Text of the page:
This week we had to write a poem based around the hinge point of the phrase ‘And Yet…’ To write down our worlds without covering over the cracks but then to write ‘and yet’ and see what came out of that about the reality of God in our lives. I groaned a little inwardly, fearing it would be trite, a forcing of the nice neat bow on the end of the story, especially when I felt more in a Psalm 88 place. Then I grudgingly remembered that more often than not the Psalms end in these places of reminders and hope. They end in the-  but I know this of you God or they remind us of the character of God, or they scream come on and show up already because you love us God. 

For me it turned into a powerful exercise in reminding myself that the reality of God always goes deeper than the darkest deep, that even in the most extreme horrid there is always an ‘and yet’. Even if those are the only words on the page. Even if those are the only words we are able to write. We wait for our ‘and yet’ and maybe in the waiting we are somehow finding it. Psalm 88 doesn’t end with any nice joy at the reality of God but the fact it is expressed to God provides it’s own ‘and yet’. 

Here is my slightly raw edged rant with the ‘And Yet’. 

Weighted heavy thoughts
trudging through the mist.
Scared I’m messing those boys up
Scared at my anger, rage,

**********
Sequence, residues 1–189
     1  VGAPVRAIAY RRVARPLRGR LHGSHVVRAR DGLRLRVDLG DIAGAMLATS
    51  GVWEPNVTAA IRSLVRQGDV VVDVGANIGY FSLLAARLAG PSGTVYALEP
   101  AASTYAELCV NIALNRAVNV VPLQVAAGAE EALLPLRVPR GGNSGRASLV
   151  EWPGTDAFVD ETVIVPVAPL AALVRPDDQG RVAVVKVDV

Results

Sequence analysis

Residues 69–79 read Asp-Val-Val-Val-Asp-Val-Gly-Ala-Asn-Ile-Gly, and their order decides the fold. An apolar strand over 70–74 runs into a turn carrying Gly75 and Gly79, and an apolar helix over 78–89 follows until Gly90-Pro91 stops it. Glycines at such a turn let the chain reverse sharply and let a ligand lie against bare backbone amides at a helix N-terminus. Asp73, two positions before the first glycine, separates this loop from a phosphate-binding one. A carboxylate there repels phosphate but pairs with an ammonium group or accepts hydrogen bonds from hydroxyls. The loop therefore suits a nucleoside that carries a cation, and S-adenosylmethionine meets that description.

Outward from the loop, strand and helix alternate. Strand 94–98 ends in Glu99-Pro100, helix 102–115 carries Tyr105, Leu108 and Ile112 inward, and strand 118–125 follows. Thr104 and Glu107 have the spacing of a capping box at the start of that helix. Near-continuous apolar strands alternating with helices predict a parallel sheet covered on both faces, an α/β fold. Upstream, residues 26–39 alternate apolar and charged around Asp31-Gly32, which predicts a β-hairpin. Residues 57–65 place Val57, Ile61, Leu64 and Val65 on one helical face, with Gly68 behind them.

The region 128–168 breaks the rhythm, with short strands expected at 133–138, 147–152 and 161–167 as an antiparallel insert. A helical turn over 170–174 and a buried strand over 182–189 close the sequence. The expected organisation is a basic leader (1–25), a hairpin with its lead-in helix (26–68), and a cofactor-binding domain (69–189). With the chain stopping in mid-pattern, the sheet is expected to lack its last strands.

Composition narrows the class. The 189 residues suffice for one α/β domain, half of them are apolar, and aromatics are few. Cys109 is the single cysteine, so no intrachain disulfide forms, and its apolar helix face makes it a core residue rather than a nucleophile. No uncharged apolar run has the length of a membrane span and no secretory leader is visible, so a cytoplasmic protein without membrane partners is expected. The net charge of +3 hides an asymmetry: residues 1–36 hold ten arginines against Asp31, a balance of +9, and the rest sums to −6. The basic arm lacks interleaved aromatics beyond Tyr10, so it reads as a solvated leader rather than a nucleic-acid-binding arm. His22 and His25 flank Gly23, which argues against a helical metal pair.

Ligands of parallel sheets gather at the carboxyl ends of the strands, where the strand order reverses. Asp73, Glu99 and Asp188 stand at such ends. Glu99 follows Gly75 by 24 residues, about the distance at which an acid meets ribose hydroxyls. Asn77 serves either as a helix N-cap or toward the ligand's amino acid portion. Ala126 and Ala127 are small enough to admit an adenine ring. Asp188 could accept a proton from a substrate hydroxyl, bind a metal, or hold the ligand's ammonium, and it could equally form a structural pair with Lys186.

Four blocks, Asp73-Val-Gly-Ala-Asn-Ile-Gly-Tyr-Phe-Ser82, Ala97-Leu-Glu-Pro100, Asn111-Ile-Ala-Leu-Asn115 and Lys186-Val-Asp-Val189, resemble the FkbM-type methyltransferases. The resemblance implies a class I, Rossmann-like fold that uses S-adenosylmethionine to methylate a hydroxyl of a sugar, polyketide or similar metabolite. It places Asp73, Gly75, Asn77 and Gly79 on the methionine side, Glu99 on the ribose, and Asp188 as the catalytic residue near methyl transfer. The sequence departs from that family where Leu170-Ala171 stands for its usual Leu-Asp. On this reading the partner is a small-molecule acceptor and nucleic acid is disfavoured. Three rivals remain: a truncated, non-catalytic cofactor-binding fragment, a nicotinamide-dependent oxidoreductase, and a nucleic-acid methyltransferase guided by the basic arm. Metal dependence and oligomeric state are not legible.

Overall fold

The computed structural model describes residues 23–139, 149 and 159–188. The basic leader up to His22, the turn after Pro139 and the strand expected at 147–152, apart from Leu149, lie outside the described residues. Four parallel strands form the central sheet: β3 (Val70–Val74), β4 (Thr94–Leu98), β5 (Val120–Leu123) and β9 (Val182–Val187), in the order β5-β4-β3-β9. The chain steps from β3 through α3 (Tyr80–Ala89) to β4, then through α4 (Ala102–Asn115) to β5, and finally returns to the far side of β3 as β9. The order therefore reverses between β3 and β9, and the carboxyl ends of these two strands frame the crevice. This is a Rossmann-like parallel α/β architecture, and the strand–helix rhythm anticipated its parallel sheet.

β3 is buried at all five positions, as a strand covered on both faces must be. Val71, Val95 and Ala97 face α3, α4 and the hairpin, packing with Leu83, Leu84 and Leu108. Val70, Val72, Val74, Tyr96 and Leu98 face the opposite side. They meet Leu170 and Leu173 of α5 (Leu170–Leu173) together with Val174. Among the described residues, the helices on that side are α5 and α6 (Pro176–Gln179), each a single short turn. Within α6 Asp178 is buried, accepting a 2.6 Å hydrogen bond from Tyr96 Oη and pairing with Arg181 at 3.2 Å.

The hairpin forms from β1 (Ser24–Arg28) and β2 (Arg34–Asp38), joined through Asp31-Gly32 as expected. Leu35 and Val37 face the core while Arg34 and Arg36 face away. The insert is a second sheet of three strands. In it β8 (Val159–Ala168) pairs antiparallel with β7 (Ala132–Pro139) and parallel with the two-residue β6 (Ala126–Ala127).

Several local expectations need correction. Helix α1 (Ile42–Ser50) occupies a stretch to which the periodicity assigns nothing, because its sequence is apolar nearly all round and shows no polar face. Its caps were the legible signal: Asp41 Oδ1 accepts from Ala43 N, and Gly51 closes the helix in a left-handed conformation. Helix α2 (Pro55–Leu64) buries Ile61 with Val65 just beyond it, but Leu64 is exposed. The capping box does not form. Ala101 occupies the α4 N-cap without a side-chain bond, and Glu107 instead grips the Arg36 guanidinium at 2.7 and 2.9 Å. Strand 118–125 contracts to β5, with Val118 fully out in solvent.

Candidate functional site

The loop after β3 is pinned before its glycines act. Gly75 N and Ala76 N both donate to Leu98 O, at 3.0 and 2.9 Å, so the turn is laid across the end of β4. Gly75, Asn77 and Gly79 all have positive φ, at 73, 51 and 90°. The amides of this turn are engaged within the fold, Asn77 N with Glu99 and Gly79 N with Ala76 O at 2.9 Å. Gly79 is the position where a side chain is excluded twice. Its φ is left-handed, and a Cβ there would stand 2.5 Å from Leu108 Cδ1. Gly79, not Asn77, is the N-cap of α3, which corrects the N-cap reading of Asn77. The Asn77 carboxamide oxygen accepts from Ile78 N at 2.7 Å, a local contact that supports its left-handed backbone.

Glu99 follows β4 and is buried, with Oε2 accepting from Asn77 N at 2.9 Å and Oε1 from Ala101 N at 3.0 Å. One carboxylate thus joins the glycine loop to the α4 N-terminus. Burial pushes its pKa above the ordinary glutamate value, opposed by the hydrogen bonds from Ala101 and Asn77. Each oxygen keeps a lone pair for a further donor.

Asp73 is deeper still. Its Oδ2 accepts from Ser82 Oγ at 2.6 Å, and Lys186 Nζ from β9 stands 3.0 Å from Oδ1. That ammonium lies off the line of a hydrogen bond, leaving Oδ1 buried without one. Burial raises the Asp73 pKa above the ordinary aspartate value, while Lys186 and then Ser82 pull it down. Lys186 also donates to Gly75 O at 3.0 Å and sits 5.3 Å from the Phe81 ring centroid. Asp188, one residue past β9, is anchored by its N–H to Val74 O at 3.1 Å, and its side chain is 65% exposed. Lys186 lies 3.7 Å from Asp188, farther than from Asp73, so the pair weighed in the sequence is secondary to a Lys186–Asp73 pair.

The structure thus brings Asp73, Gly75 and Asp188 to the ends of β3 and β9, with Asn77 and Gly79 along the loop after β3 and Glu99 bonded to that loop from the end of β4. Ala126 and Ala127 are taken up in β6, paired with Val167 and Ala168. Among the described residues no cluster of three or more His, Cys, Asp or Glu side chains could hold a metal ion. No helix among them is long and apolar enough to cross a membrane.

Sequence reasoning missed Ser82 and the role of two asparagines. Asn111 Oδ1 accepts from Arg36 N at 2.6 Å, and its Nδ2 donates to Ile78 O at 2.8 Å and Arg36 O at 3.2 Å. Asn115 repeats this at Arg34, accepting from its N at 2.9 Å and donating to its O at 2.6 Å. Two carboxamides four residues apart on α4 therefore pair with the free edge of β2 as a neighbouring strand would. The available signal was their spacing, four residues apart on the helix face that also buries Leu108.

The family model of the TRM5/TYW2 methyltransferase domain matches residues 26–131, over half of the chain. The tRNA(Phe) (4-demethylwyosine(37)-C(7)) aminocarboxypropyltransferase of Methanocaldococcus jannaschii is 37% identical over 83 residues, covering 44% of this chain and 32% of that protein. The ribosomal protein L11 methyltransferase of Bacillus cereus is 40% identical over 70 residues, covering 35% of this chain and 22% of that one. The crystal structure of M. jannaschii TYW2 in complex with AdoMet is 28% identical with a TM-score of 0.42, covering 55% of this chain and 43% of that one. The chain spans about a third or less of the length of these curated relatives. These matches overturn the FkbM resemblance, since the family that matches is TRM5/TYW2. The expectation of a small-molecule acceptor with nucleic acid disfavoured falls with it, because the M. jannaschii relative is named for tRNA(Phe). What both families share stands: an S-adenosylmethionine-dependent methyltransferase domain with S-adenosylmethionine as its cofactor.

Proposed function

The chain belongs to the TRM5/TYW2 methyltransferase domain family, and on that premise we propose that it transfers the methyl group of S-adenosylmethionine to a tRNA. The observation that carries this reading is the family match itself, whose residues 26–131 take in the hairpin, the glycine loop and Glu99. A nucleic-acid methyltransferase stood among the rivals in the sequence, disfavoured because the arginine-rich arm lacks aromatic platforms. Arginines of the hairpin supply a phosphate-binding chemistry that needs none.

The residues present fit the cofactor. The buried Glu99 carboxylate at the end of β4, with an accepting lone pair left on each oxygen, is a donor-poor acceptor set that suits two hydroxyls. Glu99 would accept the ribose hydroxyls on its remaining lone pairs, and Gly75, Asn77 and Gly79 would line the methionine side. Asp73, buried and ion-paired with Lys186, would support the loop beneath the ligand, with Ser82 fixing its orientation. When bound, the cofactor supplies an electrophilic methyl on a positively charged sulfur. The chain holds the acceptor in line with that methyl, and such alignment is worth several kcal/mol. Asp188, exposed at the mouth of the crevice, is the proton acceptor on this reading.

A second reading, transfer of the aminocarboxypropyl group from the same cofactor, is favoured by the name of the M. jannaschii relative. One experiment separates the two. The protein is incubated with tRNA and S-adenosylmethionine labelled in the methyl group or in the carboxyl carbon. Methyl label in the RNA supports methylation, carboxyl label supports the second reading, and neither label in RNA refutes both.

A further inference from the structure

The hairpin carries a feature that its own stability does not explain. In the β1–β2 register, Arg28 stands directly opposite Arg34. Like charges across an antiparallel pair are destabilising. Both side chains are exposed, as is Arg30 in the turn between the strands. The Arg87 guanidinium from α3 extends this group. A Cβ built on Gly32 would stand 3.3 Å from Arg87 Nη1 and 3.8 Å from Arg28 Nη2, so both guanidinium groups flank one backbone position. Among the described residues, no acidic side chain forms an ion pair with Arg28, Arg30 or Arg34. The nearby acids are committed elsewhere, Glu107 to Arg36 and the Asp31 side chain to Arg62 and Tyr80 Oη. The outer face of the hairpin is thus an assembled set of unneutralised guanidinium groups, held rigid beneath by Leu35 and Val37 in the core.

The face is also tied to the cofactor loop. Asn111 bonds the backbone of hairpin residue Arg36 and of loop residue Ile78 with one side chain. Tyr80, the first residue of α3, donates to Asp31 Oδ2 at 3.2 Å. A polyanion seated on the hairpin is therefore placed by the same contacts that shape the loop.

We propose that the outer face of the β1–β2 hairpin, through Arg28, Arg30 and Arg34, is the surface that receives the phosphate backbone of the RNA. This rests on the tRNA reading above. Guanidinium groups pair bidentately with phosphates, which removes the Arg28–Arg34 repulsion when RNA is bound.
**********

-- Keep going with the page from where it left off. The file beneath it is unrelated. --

frustration at this
relentless long bleak walk

Where is there hope? How can I keep going?
How long will this take?
Will we be able to repair and repair after so much rupture?

Questions I throw at your feet in anger
Questions I sob through the night.
Questions I shout into the resounding dark.
Questions I can’t be bothered to ask any more.

And yet

The relentlessness of this slog
is matched by
your relentless love, perseverance, grace
when all is gone of me again.
Your relentless patient endurance, presence
light, hope,
the bedrock at the bottom
the damp-proof liner in these walls
the safety net, the catch me when I fall,
the hands
the hands
that will not
let me go.

And to some it will still sound trite, but on Wednesday night it made a whole lot of difference and gave me some strength to keep on walking. 

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2 Responses to Life in Lockdown 2 weeks 3-5

  1. Louise Mabbs says:

    It doesn’t sound trite Kath, it explains very well the frustration of just not knowing how long it’s going to take to come through and the importance and necessity of faith.

    Mary Oliver’s comment is very true as I know – when fear or other people’s demands have prevented me from taking leaps of faith in my work, or I do stuff which is essentially procrastinating from fear of not achieving the image I have in my head. So I’ve learnt a load of skills and dreamt hundreds of ideas in lockdown and am slowly finding my confidence rise again and the need to manage my direction (or rather listening for God’s prompts more keenly) and taking the baby steps to moving on.

    I wish you well with the writing and for time to expand, inspite of the teaching and ministry demands and to find your own peace in it all.

    I hope you find deeper fulfilment in the coming months

    Louise x